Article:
Table_1_Effects of Long-Term Meditation Practices on Sensorimotor Rhythm-Based Brain-Computer Interface Learning.docx (13.51 kB)
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Table_1_Effects of Long-Term Meditation Practices on Sensorimotor Rhythm-Based Brain-Computer Interface Learning.docx

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posted on 21.01.2021, 04:22 by Xiyuan Jiang, Emily Lopez, James R. Stieger, Carol M. Greco, Bin He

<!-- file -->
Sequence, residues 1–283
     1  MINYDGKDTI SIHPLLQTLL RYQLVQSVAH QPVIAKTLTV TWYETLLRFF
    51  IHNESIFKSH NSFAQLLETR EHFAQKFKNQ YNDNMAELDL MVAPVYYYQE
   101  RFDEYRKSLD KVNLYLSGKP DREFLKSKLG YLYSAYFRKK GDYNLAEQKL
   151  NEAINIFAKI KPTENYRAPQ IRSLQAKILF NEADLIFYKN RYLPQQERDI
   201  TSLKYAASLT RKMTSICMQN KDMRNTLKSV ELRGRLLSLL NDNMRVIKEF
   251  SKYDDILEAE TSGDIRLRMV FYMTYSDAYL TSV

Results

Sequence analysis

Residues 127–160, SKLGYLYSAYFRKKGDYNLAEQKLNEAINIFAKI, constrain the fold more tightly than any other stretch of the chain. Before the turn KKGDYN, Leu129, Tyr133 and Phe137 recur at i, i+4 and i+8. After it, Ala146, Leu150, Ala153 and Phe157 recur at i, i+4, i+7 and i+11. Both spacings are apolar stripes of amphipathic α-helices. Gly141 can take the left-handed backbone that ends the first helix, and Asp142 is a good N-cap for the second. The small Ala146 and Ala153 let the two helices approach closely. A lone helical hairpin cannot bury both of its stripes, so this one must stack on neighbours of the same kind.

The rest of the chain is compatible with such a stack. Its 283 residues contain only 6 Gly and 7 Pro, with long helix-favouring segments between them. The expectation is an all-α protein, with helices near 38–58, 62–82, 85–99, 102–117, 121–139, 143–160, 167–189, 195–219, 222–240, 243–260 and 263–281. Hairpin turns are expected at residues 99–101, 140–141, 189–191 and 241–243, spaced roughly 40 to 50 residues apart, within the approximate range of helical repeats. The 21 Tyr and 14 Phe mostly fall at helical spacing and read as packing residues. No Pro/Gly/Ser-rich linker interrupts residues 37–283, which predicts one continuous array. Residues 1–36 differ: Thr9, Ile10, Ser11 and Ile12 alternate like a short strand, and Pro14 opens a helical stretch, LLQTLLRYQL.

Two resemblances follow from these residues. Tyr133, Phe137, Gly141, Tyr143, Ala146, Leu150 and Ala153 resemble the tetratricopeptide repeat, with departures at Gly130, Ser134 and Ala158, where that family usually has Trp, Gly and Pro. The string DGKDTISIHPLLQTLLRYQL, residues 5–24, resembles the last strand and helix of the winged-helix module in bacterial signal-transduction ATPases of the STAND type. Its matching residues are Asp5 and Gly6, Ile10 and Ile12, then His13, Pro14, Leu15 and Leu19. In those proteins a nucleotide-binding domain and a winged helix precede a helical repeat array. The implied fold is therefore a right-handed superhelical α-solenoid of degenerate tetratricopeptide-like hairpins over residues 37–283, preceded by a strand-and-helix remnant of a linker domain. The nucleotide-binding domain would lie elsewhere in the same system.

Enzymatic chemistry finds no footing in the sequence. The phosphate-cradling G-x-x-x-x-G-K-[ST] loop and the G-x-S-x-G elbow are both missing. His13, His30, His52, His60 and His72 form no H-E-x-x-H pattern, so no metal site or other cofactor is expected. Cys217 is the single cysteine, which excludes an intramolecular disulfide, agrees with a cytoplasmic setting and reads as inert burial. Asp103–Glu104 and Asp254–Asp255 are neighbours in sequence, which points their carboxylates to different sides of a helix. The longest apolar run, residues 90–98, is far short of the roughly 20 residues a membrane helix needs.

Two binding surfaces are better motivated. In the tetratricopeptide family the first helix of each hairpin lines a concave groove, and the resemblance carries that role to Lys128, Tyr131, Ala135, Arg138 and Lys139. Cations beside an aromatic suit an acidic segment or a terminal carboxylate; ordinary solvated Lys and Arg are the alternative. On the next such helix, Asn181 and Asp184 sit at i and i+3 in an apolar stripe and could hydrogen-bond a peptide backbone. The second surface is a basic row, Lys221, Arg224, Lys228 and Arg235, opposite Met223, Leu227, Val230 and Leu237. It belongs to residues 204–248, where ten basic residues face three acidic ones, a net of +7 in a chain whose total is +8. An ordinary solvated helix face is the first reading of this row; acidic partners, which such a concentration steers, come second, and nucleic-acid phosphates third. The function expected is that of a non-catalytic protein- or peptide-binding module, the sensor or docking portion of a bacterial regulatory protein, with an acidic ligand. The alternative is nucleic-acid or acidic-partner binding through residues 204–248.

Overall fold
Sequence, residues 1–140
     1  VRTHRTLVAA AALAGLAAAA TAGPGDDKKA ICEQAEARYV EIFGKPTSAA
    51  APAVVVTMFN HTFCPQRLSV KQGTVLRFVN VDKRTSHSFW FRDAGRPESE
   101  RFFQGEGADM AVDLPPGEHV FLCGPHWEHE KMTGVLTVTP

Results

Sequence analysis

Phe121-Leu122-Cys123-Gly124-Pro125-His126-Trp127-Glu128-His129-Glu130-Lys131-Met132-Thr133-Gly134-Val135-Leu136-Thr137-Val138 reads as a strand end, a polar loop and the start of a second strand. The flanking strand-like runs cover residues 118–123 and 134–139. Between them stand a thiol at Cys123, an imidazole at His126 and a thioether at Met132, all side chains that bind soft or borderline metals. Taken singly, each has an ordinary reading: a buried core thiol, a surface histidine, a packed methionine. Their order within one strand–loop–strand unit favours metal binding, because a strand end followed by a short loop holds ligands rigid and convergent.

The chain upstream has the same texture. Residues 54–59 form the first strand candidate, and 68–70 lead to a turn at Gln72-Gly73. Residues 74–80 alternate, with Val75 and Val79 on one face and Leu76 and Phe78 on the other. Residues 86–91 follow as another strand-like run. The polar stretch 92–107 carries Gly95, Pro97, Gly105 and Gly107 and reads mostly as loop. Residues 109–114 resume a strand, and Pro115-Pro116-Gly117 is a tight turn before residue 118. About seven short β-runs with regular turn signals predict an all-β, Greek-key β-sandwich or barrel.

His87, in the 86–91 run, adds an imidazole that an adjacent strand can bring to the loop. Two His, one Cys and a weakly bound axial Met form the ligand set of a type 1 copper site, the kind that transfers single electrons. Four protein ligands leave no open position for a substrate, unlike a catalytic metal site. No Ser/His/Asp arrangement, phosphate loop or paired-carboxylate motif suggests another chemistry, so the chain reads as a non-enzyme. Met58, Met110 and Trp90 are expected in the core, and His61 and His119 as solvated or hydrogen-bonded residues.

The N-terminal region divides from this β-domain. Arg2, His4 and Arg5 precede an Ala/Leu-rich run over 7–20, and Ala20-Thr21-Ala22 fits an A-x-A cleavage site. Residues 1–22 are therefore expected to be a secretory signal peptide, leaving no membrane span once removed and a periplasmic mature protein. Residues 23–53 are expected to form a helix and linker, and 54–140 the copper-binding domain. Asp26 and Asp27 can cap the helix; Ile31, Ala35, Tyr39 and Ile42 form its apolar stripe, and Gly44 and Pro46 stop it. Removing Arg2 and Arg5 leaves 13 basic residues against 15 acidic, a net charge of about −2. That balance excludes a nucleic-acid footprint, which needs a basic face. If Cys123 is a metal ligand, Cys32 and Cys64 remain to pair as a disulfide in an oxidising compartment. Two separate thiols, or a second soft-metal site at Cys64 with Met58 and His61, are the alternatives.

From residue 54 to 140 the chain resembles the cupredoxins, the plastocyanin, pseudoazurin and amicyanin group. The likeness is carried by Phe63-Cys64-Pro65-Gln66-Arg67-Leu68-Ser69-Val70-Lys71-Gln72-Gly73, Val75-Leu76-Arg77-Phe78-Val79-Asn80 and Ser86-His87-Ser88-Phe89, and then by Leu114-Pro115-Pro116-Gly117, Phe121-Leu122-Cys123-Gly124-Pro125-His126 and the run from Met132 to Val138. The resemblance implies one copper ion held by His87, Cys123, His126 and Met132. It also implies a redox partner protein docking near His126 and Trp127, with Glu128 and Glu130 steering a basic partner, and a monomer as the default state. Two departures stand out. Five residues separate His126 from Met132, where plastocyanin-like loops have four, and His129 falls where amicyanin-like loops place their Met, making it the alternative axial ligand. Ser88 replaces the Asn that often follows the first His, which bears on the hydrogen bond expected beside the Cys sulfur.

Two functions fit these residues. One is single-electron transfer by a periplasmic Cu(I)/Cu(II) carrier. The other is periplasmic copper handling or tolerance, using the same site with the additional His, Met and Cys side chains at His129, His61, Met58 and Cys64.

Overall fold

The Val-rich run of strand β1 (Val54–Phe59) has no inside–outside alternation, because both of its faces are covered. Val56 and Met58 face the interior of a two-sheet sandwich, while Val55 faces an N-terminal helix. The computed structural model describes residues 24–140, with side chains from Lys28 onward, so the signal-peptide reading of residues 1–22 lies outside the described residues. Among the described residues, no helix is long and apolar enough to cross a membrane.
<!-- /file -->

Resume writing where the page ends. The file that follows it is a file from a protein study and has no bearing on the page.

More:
Sensorimotor rhythm (SMR)-based brain–computer interfaces (BCIs) provide an alternative pathway for users to perform motor control using motor imagery. Despite the non-invasiveness, ease of use, and low cost, this kind of BCI has limitations due to long training times and BCI inefficiency—that is, the SMR BCI control paradigm may not work well on a subpopulation of users. Meditation is a mental training method to improve mindfulness and awareness and is reported to have positive effects on one’s mental state. Here, we investigated the behavioral and electrophysiological differences between experienced meditators and meditation naïve subjects in one-dimensional (1D) and two-dimensional (2D) cursor control tasks. We found numerical evidence that meditators outperformed control subjects in both tasks (1D and 2D), and there were fewer BCI inefficient subjects in the meditator group. Finally, we also explored the neurophysiological difference between the two groups and showed that the meditators had a higher resting SMR predictor, more stable resting mu rhythm, and a larger control signal contrast than controls during the task.

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